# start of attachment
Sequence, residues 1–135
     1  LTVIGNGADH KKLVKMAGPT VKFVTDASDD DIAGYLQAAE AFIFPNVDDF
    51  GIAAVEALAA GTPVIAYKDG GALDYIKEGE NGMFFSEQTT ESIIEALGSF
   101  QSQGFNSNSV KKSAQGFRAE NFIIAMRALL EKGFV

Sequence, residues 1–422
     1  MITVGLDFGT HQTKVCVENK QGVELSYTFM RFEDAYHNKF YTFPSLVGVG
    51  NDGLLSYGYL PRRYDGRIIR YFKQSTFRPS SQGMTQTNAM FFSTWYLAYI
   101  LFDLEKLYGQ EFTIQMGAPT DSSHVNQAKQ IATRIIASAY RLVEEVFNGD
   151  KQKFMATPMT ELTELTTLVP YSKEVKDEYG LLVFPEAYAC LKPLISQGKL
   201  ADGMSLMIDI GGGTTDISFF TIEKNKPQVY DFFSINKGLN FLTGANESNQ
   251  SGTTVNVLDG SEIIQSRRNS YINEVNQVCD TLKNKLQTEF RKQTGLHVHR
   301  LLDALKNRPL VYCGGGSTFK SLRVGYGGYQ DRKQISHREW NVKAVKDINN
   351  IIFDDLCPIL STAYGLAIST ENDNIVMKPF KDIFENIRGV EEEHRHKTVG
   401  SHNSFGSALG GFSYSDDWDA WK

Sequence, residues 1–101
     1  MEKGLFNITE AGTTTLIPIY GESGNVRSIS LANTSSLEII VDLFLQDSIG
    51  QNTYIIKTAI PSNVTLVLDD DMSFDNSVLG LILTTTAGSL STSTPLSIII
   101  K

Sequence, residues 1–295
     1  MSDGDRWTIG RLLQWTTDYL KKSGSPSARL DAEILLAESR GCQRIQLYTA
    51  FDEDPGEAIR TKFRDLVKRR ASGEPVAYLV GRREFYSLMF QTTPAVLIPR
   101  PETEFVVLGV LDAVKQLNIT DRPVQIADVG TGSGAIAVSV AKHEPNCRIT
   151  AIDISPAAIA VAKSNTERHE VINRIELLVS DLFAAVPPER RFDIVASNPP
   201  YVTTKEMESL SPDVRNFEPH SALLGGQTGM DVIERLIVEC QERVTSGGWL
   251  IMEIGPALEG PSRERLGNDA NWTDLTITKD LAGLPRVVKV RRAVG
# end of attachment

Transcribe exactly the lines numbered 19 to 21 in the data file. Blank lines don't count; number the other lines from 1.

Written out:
Sequence, residues 1–295
     1  MSDGDRWTIG RLLQWTTDYL KKSGSPSARL DAEILLAESR GCQRIQLYTA
    51  FDEDPGEAIR TKFRDLVKRR ASGEPVAYLV GRREFYSLMF QTTPAVLIPR